Beta amyloid is a small peptide that results from the processing of the amyloid precursor protein (APP). Beta amyloid has been implicated in the development of Alzheimer’s dementia. Conclusive evidence for beta amyloid as the etiology of Alzheimer’s dementia has been lacking. In addition, several drugs that slow the buildup of amyloid plaque have failed to prevent the progression of cognitive decline that is a hallmark of Alzheimer’s disease. Some researchers have suggested that beta amyloid is an end product of the disease process that ultimately leads to the neurodegeneration. Several gene variants of APP have been found which cause accelerated formation of beta amyloid and faster progression of cognitive decline.
Researchers, lead by Dr. Kari Stefansson, have discovered an APP gene variant that has a very strong protective effect on the development of Alzheimer’s dementia. The results of their study were published in the journal Nature. The researchers identified the gene variant by comparing the genome of 1,795 Icelanders. The gene mutation (or polymorphism) is termed A673T and causes an amino acid substitution at a site where an enzyme called beta secretase 1 cleaves APP into beta amyloid. The polymorphism causes decreased cleavage activity and protects carriers of the mutation from buildup of beta amyloid and cognitive decline. The discovery of an APP gene variant that protects against the development of Alzheimer’s disease adds evidence for the amyloid plaque theory of pathogenesis.
Those individuals who carry the gene variant are five times more likely to reach the age of 85 without having any cognitive functional decline. In addition, they are 50% more likely to reach their 85th year of life compared to individuals without the gene variant. Individuals who are 85 years old and have the gene variant are 81% less likely to develop Alzheimer’s dementia compared to those individuals who do not have the gene variant.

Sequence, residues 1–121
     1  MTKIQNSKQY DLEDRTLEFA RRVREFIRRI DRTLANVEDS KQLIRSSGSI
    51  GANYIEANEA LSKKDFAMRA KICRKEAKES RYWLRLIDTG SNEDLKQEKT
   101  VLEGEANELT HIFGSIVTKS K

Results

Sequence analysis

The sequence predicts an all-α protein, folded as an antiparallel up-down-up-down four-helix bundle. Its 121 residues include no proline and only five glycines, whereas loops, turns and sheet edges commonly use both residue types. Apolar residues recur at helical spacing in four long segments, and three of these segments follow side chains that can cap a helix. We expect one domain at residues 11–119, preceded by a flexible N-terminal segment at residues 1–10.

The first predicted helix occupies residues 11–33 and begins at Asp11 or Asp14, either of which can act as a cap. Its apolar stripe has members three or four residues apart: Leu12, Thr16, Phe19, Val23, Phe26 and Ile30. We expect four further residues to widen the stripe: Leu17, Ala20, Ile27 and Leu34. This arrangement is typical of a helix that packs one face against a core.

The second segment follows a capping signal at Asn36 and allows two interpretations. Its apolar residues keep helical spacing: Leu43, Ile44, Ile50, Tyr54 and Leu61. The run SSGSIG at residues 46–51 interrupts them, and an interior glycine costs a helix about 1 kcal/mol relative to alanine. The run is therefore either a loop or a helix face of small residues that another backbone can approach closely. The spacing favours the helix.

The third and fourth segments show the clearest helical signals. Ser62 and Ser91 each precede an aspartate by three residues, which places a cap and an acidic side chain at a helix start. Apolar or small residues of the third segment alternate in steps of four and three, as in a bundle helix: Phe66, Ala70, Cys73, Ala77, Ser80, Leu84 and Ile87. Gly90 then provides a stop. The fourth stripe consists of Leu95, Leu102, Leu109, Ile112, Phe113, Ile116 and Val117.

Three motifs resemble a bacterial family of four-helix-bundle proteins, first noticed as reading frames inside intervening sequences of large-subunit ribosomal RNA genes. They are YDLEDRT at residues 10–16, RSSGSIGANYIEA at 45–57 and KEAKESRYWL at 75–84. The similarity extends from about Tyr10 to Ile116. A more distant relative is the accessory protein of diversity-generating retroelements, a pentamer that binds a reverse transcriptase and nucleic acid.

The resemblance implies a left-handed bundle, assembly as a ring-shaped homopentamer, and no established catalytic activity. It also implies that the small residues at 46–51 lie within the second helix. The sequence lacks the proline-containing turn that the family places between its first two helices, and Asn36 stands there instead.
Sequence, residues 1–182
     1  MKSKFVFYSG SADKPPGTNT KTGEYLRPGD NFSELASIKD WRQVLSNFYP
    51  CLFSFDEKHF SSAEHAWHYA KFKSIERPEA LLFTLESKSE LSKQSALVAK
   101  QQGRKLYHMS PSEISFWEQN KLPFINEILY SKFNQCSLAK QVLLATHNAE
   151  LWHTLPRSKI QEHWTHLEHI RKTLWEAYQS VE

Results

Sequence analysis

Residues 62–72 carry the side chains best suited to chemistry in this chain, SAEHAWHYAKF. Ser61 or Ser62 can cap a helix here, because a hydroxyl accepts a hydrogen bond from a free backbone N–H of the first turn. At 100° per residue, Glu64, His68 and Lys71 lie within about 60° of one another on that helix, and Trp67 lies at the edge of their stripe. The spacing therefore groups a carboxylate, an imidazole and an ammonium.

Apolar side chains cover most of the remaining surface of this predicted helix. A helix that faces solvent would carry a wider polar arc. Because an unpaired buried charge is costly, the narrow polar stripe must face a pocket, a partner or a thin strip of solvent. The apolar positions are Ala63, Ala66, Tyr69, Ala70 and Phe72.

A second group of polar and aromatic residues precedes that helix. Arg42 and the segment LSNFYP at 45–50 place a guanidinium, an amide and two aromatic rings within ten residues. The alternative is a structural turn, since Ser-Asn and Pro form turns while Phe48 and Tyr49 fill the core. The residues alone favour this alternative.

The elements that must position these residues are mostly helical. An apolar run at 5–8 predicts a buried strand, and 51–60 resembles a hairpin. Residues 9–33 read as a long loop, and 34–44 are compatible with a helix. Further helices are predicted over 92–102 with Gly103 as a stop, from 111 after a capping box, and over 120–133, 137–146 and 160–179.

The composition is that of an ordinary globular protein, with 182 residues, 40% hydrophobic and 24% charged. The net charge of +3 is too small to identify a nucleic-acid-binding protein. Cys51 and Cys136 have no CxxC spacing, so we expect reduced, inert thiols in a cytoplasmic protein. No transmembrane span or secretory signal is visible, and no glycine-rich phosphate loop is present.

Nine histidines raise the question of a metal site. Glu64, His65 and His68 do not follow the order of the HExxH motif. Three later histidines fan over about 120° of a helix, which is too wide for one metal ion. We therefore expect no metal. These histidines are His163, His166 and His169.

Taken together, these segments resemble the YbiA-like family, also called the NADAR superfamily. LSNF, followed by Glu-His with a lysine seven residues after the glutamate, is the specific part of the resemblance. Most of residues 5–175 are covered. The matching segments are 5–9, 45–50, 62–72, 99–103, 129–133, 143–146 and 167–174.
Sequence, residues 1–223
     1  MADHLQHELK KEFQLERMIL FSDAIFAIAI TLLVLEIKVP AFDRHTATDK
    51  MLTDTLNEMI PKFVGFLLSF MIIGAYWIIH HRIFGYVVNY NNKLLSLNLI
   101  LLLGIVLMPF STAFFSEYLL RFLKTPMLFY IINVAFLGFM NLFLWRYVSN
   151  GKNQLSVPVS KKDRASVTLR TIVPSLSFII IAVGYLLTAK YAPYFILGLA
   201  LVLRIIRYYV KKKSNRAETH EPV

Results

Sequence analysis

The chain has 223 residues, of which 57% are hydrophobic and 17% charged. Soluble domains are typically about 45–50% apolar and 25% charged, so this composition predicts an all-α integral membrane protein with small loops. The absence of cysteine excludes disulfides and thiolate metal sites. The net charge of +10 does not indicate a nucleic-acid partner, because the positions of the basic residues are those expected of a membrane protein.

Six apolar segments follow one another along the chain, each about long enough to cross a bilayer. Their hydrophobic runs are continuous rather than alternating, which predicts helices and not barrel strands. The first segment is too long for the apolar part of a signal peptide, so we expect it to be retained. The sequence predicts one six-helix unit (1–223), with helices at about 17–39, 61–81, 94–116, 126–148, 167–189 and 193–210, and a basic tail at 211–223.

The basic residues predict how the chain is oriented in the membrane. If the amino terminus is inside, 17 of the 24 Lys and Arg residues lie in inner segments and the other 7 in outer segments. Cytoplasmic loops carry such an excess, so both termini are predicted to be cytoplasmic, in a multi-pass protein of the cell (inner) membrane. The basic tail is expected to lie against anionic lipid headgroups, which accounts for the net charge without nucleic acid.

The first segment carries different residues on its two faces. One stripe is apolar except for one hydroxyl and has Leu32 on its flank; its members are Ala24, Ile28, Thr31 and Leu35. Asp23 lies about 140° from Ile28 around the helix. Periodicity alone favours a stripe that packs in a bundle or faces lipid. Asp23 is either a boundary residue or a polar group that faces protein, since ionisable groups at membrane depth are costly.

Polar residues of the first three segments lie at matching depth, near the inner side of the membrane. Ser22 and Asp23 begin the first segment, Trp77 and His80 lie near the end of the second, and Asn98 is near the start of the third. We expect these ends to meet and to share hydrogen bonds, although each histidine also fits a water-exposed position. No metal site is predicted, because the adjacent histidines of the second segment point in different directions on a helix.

The authors wrote, “The strong protective effect of A673T also provides further proof of principle for the idea that reducing [beta secretase 1] cleavage of APP may protect against Alzheimer’s disease. Furthermore, the fact that the A673T substitution also protects against cognitive decline in the elderly without Alzheimer’s disease provides indirect support for the hypothesis that the pathogenesis of Alzheimer’s disease and normal cognitive decline of the elderly may be shared, at least in part. We therefore propose that Alzheimer’s disease may represent the extreme of the age-related decline in cognitive function”.
This study suggests that blocking beta secretase 1 from cleaving APP can prevent or delay the progression of cognitive decline that leads to Alzheimer’s dementia. Pharmaceutical companies are currently studying several drugs that can inhibit beta secretase 1 and potentially stop or slow the neurodegenerative disorder. If these drugs show promise, future studies should focus on identifying the optimal timing for initiation of treatment.
Thorlakur Jonsson et al. “A mutation in APP protects against Alzheimer’s disease and age-related cognitive decline” Nature 2012; doi: 10.1038/nature11283